Are you considering a family trip to Washington, D.C.? Thereís nothing like your childís first look at the Washington Monument or the Lincoln Memorial. If youíve been here before, you know thereís always something else to explore --- another exhibit, museum, or even some new residents --- the giant pandas at the National Zoo! Plan your days carefully and the fun quotient will be greatly increased. Here are some of my top tips and a sample three day itinerary.
Let kids help in planning your itinerary.
Donít overlook the smaller museums. Some good ones are the Newseum (for everyone, but the older the kid the better, with a razzle dazzle, hi-tech exploration of the role of media in our lives), the Postal Museum (not just for stamp collectors), and the Washington Dollsí House and Toy Museum.
Take snacks and drinks with you; kids tend to get the munchies when refreshment stands are furthest away or lines the longest.
Bring along paper/pencil/games to pass the time while waiting on line. Youíll find a wonderful selection at shops at the Mall monuments and Smithsonian Museums.
The major tourist attractions look closer than they are. Frequent use of Metro, the Tourmobile, and taxis makes good sense. Leave your car at the hotel; parking spaces are scarce.
Instead of the elevator ride to the top of the Washington Monument (which requires timed-entry tickets, and is closed until March), consider the wonderful view from the Tower of the Old Post Office. Not as high, but not as crowded and the view is wonderful.
The Capitol is exciting to see, but if your child has not studied much about U.S. history, you may be best limiting your visit to the Rotunda.
See the monuments at night when they are lit and feel the majesty of our nationís capital.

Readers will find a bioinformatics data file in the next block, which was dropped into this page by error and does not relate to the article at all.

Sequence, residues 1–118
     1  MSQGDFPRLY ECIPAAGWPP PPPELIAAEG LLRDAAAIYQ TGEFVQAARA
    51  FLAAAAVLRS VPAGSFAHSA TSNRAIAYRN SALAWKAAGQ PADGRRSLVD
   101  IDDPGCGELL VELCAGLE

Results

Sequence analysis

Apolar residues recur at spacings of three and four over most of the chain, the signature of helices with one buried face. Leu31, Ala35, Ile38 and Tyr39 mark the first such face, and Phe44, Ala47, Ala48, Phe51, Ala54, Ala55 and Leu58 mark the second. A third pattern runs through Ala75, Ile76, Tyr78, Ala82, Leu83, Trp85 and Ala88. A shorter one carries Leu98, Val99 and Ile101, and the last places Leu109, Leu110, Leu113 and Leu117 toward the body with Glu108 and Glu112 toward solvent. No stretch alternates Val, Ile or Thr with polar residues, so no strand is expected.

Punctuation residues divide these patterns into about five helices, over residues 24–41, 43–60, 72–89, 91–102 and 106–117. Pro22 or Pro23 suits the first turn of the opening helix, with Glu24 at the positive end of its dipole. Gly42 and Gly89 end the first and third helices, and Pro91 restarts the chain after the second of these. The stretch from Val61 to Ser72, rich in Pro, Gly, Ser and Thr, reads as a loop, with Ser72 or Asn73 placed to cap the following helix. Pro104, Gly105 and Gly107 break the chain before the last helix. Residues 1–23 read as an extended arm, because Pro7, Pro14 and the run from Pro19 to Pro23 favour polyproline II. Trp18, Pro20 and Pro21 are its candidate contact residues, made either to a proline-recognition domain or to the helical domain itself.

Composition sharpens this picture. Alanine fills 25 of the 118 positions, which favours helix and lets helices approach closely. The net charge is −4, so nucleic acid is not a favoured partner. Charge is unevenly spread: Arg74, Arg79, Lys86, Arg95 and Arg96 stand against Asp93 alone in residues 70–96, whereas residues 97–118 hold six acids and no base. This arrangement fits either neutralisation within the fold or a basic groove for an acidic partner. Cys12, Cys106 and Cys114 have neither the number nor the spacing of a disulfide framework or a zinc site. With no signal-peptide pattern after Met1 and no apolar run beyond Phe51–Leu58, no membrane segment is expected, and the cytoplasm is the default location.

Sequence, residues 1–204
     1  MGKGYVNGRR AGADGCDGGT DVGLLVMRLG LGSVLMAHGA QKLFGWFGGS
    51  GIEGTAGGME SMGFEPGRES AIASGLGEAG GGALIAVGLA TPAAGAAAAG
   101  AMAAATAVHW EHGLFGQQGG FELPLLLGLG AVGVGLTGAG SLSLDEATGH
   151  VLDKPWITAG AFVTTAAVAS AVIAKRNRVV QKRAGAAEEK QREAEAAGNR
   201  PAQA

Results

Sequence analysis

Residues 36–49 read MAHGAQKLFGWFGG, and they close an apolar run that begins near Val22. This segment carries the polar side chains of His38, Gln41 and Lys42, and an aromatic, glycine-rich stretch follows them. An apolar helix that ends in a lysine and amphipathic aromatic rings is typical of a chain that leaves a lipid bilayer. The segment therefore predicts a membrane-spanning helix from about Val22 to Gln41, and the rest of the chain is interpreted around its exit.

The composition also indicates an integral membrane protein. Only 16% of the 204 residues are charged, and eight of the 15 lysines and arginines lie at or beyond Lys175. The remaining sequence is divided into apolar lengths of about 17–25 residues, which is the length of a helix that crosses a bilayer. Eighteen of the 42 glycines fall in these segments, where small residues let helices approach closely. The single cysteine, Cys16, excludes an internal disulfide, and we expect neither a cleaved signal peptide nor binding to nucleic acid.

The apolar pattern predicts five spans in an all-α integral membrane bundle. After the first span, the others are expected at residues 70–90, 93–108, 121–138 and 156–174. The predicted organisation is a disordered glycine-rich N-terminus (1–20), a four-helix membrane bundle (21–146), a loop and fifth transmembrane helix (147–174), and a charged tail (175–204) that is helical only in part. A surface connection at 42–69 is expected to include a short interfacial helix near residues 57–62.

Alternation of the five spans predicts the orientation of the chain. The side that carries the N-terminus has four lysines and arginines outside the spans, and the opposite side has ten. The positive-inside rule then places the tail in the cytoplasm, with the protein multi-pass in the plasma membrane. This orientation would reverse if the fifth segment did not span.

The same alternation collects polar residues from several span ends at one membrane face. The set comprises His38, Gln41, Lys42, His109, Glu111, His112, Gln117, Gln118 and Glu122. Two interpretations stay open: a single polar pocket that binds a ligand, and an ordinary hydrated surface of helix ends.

Start at one of the Smithsonian museums. Check the main desk for a map and any special daily activities. For lunch, most of the museums have cafes or you can take a subway to nearby Union Station where youíll find some interesting shops and restaurants. The National Postal Museum is across the street and youíre also just a five-minute ride (by cab or car) to the Capital Childrenís Museum where you can enjoy an afternoon of hands-on activities guaranteed to delight the under 12 or 13 crowd. Itís a great place for kids to unwind after sightseeing. Plan to spend at least two hours
If youíre visiting during the summer or holiday breaks, pick up tickets at the Bureau of Engraving and Printing in the morning for same-day timed-entry visits. At non-peak times youíll still need at ticket, but you wonít have much of a wait. The half hour tours are given between 9 and 2 pm (also 5 to 7 pm June-August). Learning about money is a guaranteed crowd pleaser! If your tickets are for later in the morning (or day), use your time to visit the Holocaust Museum, which has a special childrenís exhibit, or the Smithsonian. Both are within reasonable walking distance.
A short ride on the Metro will take you to the National Zoo for lunch with the pandas. Check out the learning centers that offer some interesting kid-friendly activities.
Continue your exploration of D.C. beyond the monument/memorial part of town with Metro and travel north a few stops to Friendship Heights at the D.C./Maryland border and the Washington Dollsí House and Toy Museum. If your family is interested in the world of miniatures and old toys/games, you will savor this wonderful collection. Nearby is an upscale shopping area with Neiman Marcus, Lord and Taylor, Fileneís Basement and lots of shops. If youíre not too tired, consider a movie at Mazza Gallerie and dinner at one of the areaís popular restaurants.
No matter what time of day you go, prepare for a wait at the F.B.I. Tours are offered weekdays beginning at 8:45 a.m., but the line starts to form closer to 8:00. Next, head to nearby Fordís Theater and The House Where Lincoln Died where thereís rarely a line and you are free to wander on your own. Youíll also be only a few blocks from a midday meal in Chinatown.
After lunch if you need a break from the city sights, head out to George Washingtonís home at Mt. Vernon to experience 18th century plantation life. Youíll want to take your car for this 16 mile trip south along the Potomac River in Virginia.
FINAL TIP: Kids can tire of sightseeing pretty quickly. Just keep in mind that itís not how many sights you see, but the fun you have just exploring Washington together. The memories of your trip will not be quickly forgotten.
Carol Bluestone is the author of the Washington, D.C. Guidebook for Kids. Now in its seventh edition (July 2000), the book is designed for kids ages 9 to 14 and is filled with historical info, fun facts, original games and puzzles. The guidebook covers the 57 Washington sights that kids are most likely to enjoy. More information can be found at www.DC4Kids.com